“It was a dark and stormy day,” boy doesn’t that sound yummy. I live in Northern California where we pray for dark and stormy weather. Those are the days when I get out the soup pot, and throw in my favorite combinations, and let it simmer all day. The aroma wafts out and greets Rick as he pulls in after a long day at work. Literally, it does, he pointed out to me the other day, when this old house was built, the stove’s down-draft excited in its own vent pipe, popping out of the ground over by the driveway. “That’s what that is.” I said, when actually I never notice this pipe sticking a little out of the ground. ANYWAY.
The beauty of soup, the vegetables cooking filling the air, builds anticipation. Every bit helps, when making dinner a comforting end to the day. And nothing is more comforting than a simmering bowl of soup with a nice hunk of bread. That being said, we eat a lot of soup. I can usually get two meals and one lunch out of a pot, before I notice he’s looking in the fridge with a hopeful look on his face. “Soup tonight.” He never says, “again.” But I can see it in his eyes.
Another of the French Mystery Books that Anni, our youngest turned me onto, is a series by, M.L.Longworth, The Provencal Mysteries. These little mysteries are light fare, but the descriptions of the meals, wines and the cheeses are mouth-watering-good.
Man, these people know how to eat. I always have a notepad out, because I know there will be something new and different I can add to my ever evolving cuisine.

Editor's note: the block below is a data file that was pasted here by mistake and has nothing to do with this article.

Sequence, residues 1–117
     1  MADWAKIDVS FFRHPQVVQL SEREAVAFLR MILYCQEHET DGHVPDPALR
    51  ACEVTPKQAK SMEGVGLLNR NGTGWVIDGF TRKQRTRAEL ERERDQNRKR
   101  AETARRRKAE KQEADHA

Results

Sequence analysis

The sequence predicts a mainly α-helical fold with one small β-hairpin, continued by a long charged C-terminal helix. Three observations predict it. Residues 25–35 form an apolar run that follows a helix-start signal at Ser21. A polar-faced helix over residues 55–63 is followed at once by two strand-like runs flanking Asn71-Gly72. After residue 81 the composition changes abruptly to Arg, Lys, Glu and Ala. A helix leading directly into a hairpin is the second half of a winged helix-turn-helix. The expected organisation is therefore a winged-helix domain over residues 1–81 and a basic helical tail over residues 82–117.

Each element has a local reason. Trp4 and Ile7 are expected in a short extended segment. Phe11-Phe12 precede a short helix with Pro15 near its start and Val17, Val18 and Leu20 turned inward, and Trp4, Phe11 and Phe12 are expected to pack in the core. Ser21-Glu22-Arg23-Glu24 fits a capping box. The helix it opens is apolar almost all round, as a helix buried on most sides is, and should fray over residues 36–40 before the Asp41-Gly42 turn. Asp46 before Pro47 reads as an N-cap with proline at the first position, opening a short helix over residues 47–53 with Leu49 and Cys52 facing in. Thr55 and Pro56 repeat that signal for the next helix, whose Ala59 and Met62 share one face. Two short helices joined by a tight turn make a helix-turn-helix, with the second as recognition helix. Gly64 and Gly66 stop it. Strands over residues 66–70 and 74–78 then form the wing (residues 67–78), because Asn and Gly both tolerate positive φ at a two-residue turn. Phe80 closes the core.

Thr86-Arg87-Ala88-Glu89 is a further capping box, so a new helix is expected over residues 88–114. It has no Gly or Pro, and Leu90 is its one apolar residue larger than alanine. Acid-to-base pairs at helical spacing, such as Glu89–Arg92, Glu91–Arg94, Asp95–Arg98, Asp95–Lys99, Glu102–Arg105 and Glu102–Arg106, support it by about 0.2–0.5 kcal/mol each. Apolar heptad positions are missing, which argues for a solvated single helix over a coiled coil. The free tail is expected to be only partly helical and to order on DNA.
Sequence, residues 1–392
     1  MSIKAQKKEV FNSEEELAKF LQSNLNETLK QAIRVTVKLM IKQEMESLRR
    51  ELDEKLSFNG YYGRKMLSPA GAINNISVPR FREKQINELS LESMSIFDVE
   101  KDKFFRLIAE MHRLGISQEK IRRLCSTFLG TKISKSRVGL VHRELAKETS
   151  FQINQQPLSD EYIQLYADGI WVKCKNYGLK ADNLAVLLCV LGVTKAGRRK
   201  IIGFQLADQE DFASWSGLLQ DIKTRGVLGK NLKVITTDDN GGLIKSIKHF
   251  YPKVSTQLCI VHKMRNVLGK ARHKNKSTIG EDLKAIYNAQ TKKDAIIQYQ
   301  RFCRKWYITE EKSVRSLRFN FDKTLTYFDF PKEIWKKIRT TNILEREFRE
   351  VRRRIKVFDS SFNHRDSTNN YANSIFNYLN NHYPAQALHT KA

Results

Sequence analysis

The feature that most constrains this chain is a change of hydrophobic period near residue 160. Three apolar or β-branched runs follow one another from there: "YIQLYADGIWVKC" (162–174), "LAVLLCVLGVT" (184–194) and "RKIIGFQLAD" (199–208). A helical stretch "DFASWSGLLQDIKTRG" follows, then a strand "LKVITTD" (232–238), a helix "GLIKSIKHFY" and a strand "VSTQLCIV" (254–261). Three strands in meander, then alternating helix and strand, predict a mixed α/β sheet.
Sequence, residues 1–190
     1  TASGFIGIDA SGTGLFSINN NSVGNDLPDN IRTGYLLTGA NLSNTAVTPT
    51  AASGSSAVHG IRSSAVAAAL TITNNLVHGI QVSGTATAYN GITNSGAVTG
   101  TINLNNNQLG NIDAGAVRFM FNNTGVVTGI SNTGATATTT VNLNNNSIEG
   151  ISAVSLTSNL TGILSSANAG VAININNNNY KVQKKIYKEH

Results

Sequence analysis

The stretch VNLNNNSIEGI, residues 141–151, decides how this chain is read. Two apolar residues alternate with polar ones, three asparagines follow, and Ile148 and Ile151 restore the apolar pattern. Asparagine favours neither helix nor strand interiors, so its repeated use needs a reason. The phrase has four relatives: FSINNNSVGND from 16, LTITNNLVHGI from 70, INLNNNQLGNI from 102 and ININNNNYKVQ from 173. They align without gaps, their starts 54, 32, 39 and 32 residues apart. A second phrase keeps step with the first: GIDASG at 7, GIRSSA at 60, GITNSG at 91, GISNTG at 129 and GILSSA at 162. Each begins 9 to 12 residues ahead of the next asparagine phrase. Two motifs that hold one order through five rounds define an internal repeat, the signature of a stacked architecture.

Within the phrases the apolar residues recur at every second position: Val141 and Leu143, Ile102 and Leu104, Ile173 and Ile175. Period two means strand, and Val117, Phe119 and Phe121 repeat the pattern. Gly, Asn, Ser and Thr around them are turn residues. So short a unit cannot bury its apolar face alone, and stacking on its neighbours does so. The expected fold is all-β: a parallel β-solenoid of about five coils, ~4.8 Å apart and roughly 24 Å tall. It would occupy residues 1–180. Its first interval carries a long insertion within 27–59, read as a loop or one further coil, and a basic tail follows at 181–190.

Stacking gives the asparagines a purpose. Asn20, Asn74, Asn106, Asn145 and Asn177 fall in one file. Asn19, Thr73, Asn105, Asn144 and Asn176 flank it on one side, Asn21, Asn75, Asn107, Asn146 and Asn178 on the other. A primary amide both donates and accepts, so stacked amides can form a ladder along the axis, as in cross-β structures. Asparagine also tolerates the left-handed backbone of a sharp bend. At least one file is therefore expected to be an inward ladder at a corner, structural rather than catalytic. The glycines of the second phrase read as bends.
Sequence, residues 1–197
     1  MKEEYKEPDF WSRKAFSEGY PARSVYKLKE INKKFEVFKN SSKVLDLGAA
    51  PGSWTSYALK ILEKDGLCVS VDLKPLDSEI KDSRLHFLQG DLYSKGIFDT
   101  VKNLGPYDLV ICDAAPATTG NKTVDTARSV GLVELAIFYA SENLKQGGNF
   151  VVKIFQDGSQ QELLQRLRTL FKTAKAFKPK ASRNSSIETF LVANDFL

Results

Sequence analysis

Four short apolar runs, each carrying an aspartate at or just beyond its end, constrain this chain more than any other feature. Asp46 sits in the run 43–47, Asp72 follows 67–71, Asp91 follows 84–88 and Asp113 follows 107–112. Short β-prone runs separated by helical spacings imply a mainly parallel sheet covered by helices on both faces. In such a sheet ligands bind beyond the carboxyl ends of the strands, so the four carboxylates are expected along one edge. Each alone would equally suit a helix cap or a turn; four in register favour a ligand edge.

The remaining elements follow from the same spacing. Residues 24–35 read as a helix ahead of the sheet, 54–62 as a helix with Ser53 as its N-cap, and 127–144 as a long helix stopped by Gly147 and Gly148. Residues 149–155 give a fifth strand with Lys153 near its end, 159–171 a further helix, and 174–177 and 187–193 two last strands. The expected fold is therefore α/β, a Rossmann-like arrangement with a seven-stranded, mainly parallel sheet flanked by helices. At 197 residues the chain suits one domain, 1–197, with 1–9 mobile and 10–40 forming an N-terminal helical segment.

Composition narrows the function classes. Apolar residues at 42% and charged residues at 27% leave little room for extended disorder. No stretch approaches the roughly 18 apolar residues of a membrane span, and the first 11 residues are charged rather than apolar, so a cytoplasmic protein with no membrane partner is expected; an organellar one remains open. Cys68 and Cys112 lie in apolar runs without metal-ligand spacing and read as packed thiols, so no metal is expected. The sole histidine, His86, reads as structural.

A couple months ago, and I’ll be damned if I can remember exactly what book it was I was reading.
I stumbled onto a new way to make lentil soup. (When I find it, you’ll be the first to know). I have to admit, I make a killer lentil soup. After reading just one sentence in the book, my lentil soup has morphed into having a subtly nuanced old world flavor. I”ll set the scene: Magistrate Antoine Verlaque enters his kitchen and walks over to his gorgeous wife, Marine. I’d cast Marion Cotillard in the role, and Javier Bardem as Antoine (it’s okay, he can be both Bruno and Antoine). Read last week’s article Bruno & Clio’s Fennel Fish Stew. So, Antoine looks over Marine’s shoulder as she spoons out of her lentil soup an,
“onion fully studded with cloves.”
WHAT! I read it again; onion studded with cloves. I never would have thought you could do that to an onion. I could just see the little jar of cloves we bought for making mulled grape juice during Christmas. I raced into the pantry and sure enough after some digging, I found almost a full jar. And God bless Rick, sitting on the shelf was a bag of Green French Lentils, he had bought at a farm stand which he passes by everyday.
I can do this. Pure power!
Clio’s French Lentil Soup Ingredients
Serving Size: Feeds 4 Happy People
- 1lb. Green Lentils
- Two Carrots, diced
- 2 Stalks of celery (with leaves) diced
- 1 Clove Garlic, minced
- 1 Large White or Yellow Onion
- 2 Tbsp, approx Cloves, with the little stem still attached
- 2 Tsp. salt
Clio’s French Lentil Soup Recipe